Agrarian Evolution

In Russia, as in many parts of the world, food production is essentially industrial. Applying the tools and principles of industry to agriculture has reduced hunger and generated a greater diversity of diet than the world has ever known. It has enabled urbanization and reshaped the global workforce. But the positive effects of industrializing agriculture have been limited to humans. For the plants and animals involved, and for the earth itself, the industrial approach to food is unremittingly abusive. Based on a philosophy of productivity above all else, it applies technology to overcome the inefficiencies of nature. In the process, it distorts the food supply, disconnects us from our diet, and exacerbates climate change. This project shows that there is another way.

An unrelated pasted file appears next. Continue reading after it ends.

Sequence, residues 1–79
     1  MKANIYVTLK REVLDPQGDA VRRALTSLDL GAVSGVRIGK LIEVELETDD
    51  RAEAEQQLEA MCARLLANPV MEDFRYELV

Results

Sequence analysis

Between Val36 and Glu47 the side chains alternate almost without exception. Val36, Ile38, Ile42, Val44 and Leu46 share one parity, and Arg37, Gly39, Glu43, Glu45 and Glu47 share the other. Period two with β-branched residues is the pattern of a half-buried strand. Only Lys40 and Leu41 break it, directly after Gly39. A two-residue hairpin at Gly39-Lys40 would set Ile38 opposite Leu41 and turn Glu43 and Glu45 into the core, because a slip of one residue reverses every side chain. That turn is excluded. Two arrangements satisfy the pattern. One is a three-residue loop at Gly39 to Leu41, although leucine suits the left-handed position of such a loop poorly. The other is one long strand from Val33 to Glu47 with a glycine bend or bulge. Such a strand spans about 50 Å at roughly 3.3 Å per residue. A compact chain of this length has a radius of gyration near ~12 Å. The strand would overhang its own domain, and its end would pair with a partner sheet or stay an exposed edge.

'Agrarian Evolution' assembles recent developments in agriculture, transportation, and communications technology to make a new model of food production and consumption. It contributes to the climate change debate but neutralizes its Luddite and techno-utopian extremes by calling for a hybrid approach that merges 21st century tools with a more intimate, sustainable, and in many ways premodern idea of agriculture. Building on contemporary concerns over food sovereignty and a growing interest in organics, the project charts a Russian path from self-harm to health and recasts the country as a model for the world.
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